The Design, Administration, and Evaluation of the 1978 Selected Reserve Reenlistment Bonus Test

by David W. Grissmer, Zahava D. Doering, J. Sachar


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Describes the results of a national experiment designed to study factors that influence reenlistment decisions of Army Reserve and National Guard personnel. Some 15,300 reservists making reenlistment decisions in 1978 participated in the experiment. The effect of bonuses given for three-year terms ($900) or six-year terms ($1,800) on reenlistment rates and length of commitment was estimated by comparing the responses of the group offered the bonus with those of a matching control group. While the bonus raised reenlistment rates only from 38.4 to 40.6 percent, it lengthened the average committed term of service from 1.3 to 4.4 years. Longitudinal tracking of test participants indicates that a significant strength gain will result from the longer term of service commitments. Two years after the test began, 37.3 percent of the original bonus group remained in service, while only 30.4 percent of the control group remained.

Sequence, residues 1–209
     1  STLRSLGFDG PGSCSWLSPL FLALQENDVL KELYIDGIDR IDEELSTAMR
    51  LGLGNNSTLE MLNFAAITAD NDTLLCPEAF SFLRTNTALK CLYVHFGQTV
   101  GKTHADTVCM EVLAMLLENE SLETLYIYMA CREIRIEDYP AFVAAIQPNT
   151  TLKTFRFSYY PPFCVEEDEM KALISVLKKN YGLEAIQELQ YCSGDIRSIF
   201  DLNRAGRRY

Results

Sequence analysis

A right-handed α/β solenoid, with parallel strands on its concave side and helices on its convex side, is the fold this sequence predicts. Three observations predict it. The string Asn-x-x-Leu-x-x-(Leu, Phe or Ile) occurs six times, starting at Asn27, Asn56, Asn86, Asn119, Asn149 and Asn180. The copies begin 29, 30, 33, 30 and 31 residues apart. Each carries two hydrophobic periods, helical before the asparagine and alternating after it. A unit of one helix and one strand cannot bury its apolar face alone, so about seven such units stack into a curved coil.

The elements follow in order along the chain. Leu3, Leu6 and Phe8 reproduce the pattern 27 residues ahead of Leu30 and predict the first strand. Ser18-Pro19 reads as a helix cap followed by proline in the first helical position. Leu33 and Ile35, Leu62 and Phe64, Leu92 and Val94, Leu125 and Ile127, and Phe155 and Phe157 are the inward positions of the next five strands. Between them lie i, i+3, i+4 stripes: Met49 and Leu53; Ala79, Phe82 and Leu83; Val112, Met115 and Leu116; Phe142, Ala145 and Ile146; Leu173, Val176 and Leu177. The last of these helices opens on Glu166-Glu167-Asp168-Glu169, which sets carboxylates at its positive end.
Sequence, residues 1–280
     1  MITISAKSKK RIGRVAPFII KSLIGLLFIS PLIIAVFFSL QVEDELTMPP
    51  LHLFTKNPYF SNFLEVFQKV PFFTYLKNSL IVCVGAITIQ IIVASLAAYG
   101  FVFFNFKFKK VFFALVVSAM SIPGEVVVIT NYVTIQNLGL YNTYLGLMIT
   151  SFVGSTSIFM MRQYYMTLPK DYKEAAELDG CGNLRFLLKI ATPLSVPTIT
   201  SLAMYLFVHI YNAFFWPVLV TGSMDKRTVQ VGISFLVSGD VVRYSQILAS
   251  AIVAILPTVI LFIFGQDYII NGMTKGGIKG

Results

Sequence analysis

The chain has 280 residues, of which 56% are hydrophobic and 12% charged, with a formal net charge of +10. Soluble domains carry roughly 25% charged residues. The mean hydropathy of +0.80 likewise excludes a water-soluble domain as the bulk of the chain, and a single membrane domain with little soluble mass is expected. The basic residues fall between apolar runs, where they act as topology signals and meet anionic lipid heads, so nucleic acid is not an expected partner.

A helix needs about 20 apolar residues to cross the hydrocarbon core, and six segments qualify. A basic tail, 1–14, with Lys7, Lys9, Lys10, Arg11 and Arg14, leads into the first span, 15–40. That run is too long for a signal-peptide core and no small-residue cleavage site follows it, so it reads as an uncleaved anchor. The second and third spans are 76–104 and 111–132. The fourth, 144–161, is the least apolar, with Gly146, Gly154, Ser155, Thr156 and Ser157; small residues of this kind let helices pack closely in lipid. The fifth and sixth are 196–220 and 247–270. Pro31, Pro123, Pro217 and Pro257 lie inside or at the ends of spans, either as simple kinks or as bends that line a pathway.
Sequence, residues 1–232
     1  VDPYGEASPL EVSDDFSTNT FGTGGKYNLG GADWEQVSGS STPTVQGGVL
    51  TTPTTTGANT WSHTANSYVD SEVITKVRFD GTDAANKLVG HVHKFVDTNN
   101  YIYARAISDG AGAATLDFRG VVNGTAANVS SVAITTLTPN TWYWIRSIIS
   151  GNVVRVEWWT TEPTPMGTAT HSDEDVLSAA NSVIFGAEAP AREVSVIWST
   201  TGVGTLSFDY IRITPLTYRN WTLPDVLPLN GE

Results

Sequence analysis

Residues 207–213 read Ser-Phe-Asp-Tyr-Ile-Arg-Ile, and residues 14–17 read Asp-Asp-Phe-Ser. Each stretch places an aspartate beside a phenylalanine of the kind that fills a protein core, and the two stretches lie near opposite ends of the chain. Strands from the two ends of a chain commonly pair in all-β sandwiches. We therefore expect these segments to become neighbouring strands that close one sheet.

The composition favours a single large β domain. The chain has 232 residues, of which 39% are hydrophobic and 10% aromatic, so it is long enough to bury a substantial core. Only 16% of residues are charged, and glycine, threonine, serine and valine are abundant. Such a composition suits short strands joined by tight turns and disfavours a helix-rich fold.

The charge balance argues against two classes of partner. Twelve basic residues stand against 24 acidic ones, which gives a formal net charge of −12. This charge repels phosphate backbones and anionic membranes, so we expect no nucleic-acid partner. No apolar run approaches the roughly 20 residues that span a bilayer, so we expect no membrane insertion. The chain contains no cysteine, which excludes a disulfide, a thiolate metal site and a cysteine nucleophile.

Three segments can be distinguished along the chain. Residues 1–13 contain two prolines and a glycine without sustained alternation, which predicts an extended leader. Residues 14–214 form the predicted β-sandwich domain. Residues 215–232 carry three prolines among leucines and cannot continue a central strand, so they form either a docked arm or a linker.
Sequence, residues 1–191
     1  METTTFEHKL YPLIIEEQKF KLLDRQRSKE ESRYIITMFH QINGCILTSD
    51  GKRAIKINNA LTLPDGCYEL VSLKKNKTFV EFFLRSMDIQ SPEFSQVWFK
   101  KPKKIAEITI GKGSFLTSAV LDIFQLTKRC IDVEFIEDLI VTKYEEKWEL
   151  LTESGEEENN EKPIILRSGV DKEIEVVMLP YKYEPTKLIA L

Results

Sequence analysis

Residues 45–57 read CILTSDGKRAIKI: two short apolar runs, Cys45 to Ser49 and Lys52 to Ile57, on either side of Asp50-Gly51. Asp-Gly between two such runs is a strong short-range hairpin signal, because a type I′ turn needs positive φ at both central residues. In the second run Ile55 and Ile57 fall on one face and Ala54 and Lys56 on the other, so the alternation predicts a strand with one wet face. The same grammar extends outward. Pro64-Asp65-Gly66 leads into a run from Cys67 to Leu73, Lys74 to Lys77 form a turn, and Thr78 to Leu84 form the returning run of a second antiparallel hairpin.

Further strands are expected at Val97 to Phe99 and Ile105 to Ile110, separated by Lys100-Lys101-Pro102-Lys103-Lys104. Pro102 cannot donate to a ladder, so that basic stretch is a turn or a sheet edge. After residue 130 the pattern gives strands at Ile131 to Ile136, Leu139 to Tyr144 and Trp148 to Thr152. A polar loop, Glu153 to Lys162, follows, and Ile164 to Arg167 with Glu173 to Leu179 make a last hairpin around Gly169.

This report is part of the RAND Corporation Report series. The report was a product of the RAND Corporation from 1948 to 1993 that represented the principal publication documenting and transmitting RAND's major research findings and final research.

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